“Bringing the Hope Seeds Project to the Rogue Valley Unitarian Universalist Fellowship’s Annual Camp Out in the Siskiyou National Forest” by Alison Cole

We were scheduled to meet inside, but instead we sat in a circle of Adirondack chairs inside a circle of evergreens. The trees shaded us, their branches extending and overlapping overhead, and I was aware that their roots were doing the same more intricately beneath our feet. Most of these faces were known to me, acquaintances from my faith community, some dear friends, some folks I had only met that day or the day before. Our youngest was one and a half, our oldest were in their seventies. I was intimidated for a moment – some of these folks were atheists, scientists, professors. Had they meant to come to this event? But our theme at camp was “Stay Curious,” so maybe they came with open, curious minds, just to see. Maybe they came to support me. Maybe they came because it was on the schedule for that place and time.

Inside our circle was an candle (LED, with respect to the extreme fire danger in the Southern Oregon forests in August) and a packet of Hope Seeds. Because we were gathered together as Unitarian Universalists, we began by lighting the flame of the chalice, though the candle rested on the ground. “We are the chalice,” I told them, “the cup that holds the flame of our faith.” And then we journeyed into meditation – down to the fire at the center of the earth, up to edges of our atmosphere and beyond, to receive the light of our fiery sun, to the East, South, West and North, back to the center where all is One uniquely expressed within each of us, the Seed of Hope within. We connected to Self and to each Other as we each stepped forward, picked up our Hope Seed and shared an answer to the question, “Who are you?” We shed tears, spoke our truths, opened our hearts to each other. And we became like the trees; we intertwined, we coalesced, we became a collective, One. Then each received their charge: connect to the Earth by planting your Hope Seed in Her soil; become a point of light in the web that we weave together with other Hope Seed circles around our country, around our planet. Tend the seed of your shining hope until it grows into its power, healing the Earth. We returned with gratitude to the Seven Directions, North, West, South, East, Above and Below. We extinguished our chalice. And we tried to figure out how to fold envelopes as beautifully as the one our seeds had arrived in, and closed them up with Hope Seed stickers.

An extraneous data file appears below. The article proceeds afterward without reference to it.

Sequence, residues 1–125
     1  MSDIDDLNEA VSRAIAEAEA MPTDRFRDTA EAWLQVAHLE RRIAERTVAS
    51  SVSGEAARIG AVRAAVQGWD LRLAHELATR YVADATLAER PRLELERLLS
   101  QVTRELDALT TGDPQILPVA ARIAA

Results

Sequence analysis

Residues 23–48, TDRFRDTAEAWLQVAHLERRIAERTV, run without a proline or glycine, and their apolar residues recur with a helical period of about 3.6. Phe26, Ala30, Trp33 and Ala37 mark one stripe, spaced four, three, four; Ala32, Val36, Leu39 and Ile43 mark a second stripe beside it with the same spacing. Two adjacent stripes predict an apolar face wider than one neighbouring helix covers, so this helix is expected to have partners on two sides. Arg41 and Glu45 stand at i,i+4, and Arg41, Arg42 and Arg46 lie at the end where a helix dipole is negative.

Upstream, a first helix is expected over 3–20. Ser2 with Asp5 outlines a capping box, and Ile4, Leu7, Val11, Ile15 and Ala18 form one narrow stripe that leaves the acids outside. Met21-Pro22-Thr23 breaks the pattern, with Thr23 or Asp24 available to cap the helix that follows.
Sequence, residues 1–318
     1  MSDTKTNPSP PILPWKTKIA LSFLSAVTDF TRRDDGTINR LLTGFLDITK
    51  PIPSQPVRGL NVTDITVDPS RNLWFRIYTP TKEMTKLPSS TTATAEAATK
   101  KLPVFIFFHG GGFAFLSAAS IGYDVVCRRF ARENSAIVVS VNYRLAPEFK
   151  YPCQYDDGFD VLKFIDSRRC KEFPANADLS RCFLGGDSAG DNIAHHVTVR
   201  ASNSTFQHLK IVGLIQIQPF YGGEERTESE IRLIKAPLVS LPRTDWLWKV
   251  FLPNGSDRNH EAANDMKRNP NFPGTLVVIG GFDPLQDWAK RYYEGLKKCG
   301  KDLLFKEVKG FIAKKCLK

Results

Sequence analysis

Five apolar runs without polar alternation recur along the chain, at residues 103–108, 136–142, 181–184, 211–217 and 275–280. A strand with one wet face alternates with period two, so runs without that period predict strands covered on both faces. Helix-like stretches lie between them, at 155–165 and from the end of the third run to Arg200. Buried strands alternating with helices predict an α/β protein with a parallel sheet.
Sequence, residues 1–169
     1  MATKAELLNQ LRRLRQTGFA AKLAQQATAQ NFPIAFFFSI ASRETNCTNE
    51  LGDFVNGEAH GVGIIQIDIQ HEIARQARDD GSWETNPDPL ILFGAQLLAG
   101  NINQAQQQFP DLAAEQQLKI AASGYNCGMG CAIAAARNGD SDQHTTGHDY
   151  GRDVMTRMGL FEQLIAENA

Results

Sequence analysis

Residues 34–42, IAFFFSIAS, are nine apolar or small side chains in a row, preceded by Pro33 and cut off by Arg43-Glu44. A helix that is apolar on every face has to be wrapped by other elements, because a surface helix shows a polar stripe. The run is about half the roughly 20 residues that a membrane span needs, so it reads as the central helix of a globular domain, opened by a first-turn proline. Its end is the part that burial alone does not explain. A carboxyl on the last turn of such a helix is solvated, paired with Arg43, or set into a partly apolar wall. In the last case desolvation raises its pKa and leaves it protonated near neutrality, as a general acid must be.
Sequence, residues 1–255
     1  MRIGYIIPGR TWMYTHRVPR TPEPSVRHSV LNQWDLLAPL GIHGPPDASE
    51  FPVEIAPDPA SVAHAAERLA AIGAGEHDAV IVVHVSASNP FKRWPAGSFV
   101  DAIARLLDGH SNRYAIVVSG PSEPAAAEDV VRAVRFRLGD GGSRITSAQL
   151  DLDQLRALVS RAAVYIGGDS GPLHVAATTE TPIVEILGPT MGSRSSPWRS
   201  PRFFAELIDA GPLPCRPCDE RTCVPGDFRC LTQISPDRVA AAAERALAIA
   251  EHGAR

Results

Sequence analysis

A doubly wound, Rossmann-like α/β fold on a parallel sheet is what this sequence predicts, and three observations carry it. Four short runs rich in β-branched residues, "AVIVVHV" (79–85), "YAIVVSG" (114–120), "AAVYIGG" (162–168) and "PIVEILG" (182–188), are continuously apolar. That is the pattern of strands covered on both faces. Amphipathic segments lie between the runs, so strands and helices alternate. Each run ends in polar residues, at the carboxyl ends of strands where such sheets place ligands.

The next morning we met to worship in another Alison Hope Seed Servicecircle of chairs nearby, within another circle of trees, and there were more of us, and a dozen children. I told them the story of Suzanne and Jinx the dog, who got stuck down the outhouse one summer in the woods, allowing Suzanne to discover, as they dug Jinx out, the interconnection of the tree roots beneath the soil under our feet, which began her journey to the scientific discovery that trees of different species share nutrients between their roots with the help of fungi, meaning the forest is an interconnected One. And I told them how this was just like our communities of humans. And I gave the children Hope Seeds to plant in the earth, and asked them to tend their seeds so that they grow into the trees of their best selves, intertwined with those of each member of their community. We blew bubbles and spoke our gratitudes. My own year and a half old babe snuggled on my back in a carrier until the bubbles came out, when she had to get down to see them. There was dancing and singing, chanting and moving.

That afternoon, we left that place and went back to our daily lives. We carried our Seeds with us. We are the trees. We are the chalice that holds the flame. We are the Seeds of Hope, and our actions are Hope’s fruits.

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